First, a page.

Breast cancer surgery involves removing the tumor and nearby margins to reduce the risk of the cancer coming back and to stop its spread. It is usually the first treatment for breast cancer, although sometimes chemotherapy or hormone therapy is offered first to shrink the cancer so that surgery may be less extensive.
In consultation with a Breast surgeon, the type of surgery would be decided based on the grade and stage of tumor. Commonly done under general anaesthesia, it can be of various types -
Lumpectomy - It is a procedure where the cancerous tumor is removed along with a rim of healthy tissue around it, without removing the entire breast.
Partial or Segmental Mastectomy or Quadrantectomy - It involves removal of more breast tissue than with a lumpectomy, approx one quarter of the breast is removed.
Mastectomy - Also known as Simple or Total Mastectomy, this surgery requires removal of the breast, nipple, areola, and sentinel lymph node or nodes. It leaves the chest wall and more distant lymph nodes intact. This procedure is usually performed to treat in-situ, microinvasive, or stage IA breast cancers.
Radical Mastectomy - This is an extensive surgery where the entire breast, axillary lymph nodes, and the pectoral (chest wall) muscles under the breast are removed. Less extensive surgery (such as modified radical mastectomy) has been found to be just as effective and is preferred over it. It is opted for large tumors that are growing into the pectoral muscles under the breast.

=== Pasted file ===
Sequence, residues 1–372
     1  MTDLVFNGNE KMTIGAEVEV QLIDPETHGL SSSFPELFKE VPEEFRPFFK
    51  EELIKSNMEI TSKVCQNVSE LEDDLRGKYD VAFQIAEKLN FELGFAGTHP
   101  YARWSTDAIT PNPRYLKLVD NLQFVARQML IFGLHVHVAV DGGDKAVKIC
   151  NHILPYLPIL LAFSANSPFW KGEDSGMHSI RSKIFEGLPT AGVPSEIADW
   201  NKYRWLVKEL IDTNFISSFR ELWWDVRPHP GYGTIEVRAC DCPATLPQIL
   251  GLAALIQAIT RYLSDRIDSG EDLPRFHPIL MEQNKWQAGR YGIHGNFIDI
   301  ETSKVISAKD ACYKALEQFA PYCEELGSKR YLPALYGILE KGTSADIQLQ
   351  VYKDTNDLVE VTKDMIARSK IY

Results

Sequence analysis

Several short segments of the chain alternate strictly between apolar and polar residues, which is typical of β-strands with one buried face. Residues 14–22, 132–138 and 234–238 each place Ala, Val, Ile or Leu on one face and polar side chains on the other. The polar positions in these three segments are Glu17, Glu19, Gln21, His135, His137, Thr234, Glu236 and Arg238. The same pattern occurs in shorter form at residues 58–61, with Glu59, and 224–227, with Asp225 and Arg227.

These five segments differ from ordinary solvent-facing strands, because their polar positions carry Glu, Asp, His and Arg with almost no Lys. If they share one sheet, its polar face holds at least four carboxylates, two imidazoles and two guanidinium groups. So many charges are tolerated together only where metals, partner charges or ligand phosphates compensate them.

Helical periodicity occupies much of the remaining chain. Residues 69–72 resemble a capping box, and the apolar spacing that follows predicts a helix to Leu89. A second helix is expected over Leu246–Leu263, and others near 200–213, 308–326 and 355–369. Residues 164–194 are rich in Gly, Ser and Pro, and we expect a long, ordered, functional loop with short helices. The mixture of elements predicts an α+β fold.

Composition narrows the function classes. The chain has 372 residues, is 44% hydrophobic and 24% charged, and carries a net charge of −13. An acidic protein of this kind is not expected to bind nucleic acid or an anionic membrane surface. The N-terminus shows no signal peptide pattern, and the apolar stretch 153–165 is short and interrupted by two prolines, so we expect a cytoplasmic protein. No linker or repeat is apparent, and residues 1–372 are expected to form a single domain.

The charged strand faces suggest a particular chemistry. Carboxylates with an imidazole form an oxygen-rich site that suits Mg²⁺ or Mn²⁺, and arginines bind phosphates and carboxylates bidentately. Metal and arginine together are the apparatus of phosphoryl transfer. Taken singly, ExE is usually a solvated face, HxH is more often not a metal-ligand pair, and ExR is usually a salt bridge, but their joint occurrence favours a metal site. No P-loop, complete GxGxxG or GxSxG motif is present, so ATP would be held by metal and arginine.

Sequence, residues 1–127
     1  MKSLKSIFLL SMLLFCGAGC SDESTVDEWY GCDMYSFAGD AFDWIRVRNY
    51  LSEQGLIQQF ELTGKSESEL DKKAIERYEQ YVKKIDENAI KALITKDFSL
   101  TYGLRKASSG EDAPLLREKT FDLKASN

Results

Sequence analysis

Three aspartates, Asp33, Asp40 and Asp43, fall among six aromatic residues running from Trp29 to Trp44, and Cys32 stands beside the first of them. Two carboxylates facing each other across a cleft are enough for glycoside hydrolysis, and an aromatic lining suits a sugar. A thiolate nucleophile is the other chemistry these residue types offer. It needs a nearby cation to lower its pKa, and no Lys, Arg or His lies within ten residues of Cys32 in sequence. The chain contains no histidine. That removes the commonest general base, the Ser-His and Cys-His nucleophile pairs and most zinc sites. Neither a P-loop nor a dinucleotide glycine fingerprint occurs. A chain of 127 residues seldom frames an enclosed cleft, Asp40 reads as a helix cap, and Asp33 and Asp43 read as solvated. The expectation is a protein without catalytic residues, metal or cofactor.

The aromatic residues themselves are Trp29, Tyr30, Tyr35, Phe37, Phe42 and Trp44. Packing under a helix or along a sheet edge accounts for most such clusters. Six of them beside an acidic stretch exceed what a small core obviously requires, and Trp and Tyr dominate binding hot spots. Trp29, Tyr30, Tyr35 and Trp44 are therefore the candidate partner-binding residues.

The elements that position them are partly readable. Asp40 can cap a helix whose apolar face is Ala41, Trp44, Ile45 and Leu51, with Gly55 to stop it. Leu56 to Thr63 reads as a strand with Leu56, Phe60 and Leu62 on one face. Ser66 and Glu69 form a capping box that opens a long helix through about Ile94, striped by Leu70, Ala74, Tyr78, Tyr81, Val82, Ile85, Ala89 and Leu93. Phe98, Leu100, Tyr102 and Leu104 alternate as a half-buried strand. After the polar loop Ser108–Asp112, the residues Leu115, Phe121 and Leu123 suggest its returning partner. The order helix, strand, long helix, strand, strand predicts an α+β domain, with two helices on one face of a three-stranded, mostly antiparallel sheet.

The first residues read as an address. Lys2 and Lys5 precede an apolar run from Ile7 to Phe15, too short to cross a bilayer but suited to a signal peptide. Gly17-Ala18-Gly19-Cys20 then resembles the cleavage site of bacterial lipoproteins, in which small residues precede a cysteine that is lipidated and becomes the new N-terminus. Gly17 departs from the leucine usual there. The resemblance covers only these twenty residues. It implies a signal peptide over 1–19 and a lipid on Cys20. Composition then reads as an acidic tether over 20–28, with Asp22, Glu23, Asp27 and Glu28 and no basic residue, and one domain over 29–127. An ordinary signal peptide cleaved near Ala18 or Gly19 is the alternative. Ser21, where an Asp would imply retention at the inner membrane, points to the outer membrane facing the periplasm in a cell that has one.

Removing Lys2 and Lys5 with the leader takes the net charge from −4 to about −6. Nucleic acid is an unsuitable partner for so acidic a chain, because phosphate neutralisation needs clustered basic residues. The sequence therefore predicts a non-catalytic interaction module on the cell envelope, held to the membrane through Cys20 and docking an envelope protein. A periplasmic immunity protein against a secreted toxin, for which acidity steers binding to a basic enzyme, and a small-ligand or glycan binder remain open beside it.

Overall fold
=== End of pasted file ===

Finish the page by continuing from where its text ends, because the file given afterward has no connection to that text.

Modified Radical Mastectomy - This procedure requires removal of the entire breast, nipple, areola, and axillary lymph nodes but often leaves the chest wall intact.
In some women, mastectomy is accompanied by either an immediate or delayed breast reconstruction, using either breast implants or the patient's own tissue - usually from the lower abdomen.
The length of the operation depends on the type of surgery being done, varying from two to three hours. Hospital stay may be of 2-5 days.
One or more drains/tubes is put for 1 to 2 weeks, coming out from the breast or underarm area to remove blood and lymph fluid that collects during the healing process. Once the drainage has decreased to about 30 cc each day, the drain is removed.
Movement of the arm soon after surgery is very important to avoid stiffness and to prevent lymphedema. The required exercises would be suggested at the hospital. There could be problems like pain, numbness, tingling, skin tightening, etc. in the chest and arm area, which shall gradually reduce with time.
Depending on the type of surgery, most women can resume their regular activities within 2 to 4 weeks.